The other thing to note here is that it is no surprise that Reliance Industries Ltd owns a lot of media assets to their name, something globally most of the billionaires end up doing (Think Bezos & The Washington Post).
So when the whole speculation was ripe across multiple platforms, it should have been taken with a pinch of salt.
Let me re-iterate by saying that there is no point in making investing decisions basis ‘news items’.
Efficient Market Hypothesis does suggest to us that we are living in a semi-strong market so once something is out, it is probably already ‘priced-in’.
Ray Kroc, the legendary businessman behind McDonald’s once remarked,
I’m not in the food business, I am in the real-estate business.
With the Future Retail deal, this could very much apply to what RIL is indeed planning to do. With Hamley’s already in their kitty, Reliance Industries Ltd could very well show the way for a global behemoth of Retail in the making (Future Retail tie-up with Seven 11 will roll-up to RIL).
You see, the world over the whole shift from brick and mortar to Online also ended up going back to Brick and Mortar to finally an “Omni-Channel Retail”.
While the Brick & Mortar piece is appropriately sorted for Reliance, we might just see Amazon or Walmart join hands to make the Omni-Channel a reality. (Media Reports)
With this acquisition, Reliance Industries Ltd has not ended up with a good number of stores and a future enhancement in profitability. It might just have made the industry pivot from no – entry barriers to well, no-entry.
Where does that leave JioMart?
Going after the 90% pie of the retail is indeed an ambitious goal RIL has set for itself. Will the old execution prowess end up helping Reliance Industries Ltd in the current task at hand?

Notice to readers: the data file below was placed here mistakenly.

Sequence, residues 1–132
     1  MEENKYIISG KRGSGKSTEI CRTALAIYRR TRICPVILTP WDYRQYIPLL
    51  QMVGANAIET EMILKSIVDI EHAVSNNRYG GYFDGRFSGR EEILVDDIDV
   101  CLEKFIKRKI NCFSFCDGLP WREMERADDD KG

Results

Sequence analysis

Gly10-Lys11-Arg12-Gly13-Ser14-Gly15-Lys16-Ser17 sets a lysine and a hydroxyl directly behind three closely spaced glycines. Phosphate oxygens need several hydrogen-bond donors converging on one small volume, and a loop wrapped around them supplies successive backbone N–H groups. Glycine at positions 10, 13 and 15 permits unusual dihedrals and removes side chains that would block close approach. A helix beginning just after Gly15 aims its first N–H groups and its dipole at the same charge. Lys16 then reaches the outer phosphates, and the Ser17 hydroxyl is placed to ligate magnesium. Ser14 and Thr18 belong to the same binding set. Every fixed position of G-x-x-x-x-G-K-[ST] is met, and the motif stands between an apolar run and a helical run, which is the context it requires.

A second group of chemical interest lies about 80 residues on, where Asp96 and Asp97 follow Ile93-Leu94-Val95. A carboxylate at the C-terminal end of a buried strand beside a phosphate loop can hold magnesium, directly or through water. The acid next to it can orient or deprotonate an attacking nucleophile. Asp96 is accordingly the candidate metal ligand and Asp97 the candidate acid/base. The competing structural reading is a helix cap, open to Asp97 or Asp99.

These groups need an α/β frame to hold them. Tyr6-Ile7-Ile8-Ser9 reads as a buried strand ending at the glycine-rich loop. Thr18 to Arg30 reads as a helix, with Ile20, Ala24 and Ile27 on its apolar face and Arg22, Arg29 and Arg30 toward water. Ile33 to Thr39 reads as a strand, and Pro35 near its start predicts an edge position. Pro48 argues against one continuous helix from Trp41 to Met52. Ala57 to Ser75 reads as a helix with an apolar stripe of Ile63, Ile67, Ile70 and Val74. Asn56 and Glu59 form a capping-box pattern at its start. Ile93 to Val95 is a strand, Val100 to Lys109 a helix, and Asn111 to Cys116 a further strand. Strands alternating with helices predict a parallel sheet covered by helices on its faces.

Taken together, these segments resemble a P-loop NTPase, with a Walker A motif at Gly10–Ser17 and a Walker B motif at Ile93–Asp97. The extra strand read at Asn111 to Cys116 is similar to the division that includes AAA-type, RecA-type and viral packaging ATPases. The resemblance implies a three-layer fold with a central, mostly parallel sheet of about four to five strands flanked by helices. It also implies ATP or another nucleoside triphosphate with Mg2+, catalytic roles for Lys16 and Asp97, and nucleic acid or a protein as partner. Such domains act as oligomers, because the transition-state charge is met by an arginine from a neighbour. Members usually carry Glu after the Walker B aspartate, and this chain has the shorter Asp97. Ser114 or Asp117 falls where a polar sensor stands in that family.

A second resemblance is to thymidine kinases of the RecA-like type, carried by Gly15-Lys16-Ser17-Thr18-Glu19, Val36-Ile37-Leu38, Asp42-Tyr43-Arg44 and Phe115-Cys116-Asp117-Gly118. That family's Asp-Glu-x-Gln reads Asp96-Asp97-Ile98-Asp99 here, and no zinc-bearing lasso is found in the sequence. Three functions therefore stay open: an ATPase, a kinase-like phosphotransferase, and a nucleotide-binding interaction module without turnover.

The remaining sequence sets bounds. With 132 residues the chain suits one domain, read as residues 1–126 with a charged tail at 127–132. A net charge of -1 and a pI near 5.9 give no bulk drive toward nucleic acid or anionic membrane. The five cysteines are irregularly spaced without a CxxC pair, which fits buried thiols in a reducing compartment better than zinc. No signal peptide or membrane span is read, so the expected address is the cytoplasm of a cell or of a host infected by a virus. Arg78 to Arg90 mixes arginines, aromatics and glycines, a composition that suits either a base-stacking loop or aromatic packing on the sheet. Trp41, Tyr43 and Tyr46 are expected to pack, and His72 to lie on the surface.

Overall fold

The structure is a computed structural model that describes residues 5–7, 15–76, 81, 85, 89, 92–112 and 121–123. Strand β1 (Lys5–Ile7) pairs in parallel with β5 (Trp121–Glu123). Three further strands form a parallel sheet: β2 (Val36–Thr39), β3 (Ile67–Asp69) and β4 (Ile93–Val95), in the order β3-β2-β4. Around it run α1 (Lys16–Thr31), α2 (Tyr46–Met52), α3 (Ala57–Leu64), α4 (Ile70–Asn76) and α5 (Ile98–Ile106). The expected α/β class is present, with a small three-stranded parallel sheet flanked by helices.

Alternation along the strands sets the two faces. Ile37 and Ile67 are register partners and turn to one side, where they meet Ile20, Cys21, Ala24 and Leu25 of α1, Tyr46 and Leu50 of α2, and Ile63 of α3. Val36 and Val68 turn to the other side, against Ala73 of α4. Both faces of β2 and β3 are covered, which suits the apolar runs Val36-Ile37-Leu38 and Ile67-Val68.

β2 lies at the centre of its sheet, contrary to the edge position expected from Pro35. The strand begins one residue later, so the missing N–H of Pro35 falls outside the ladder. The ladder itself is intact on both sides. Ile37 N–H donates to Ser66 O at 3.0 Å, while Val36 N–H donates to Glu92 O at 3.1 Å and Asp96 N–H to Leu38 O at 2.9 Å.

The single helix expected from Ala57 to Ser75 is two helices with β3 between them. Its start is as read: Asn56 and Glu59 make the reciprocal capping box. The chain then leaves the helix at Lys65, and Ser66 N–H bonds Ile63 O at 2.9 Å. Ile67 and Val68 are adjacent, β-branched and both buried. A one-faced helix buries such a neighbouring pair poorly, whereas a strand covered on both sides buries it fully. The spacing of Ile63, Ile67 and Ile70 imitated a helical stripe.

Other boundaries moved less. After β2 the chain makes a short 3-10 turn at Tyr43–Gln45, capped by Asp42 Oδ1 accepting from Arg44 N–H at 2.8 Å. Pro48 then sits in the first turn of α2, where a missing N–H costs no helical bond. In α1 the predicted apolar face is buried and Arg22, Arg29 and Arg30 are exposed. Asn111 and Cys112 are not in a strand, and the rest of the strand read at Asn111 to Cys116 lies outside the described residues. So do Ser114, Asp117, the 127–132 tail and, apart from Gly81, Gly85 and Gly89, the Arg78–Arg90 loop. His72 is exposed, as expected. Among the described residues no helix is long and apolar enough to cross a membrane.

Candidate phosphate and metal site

There have been mixed reviews both on the positive and negative side but is surely the first time RIL has set its sight on something that most of the folks earlier have failed to disrupt.
With the whole ecosystem around technology being owned by Reliance Industries Ltd along with a big chunk of the real estate pie, we might see multiple data centers open up in the country.
While the EU set the benchmark for Data Protection with GDPR in 2018, other countries are yet to follow suit.
On account of COVID – 19, since Governments have to focus more on the pandemic at hand, whenever conversations resume, we might see this come through.
While we may see other players try and tinker in this space but RIL has practically left no room for any entry whatsoever.
There was also chatter around the introduction of pod taxis. As cities become more and more crowded, we might just end up exploring new modes of transport.
Commercial projects that are currently live in the country are the Bullet Train and The Hyperloop. Will we see pod taxis?
My guess is again, as good as yours.
In the recently concluded AGM, RIL also mentioned about their big plans w.r.t. ed-tech. With India producing the most valued startup around ed-tech not being from the stable from RIL, can we see that get mopped up?
Early last month, there was an article indicating RIL’s succession planning efforts underway.
While Mr. Ambani has not officially indicated when he would be hanging up his boots, one also needs to appreciate what lies ahead.
We’ve already seen one level of re-organization of businesses take place by narrowing RIL to three segments – O2C, Platforms, and Retail.
While Isha Ambani has been the face of Reliance Retail, Akash has been the face of Retail. That leaves Anant with O2C.
Recently, both Isha and Akash were nominated in the Forbes 40 under 40 most influential people.
With the Reliance Industries Ltd DNA running in the whole family, we might just see this play out effectively as the next leg of growth unfurls.
Cover Image: Dainik Bhaskar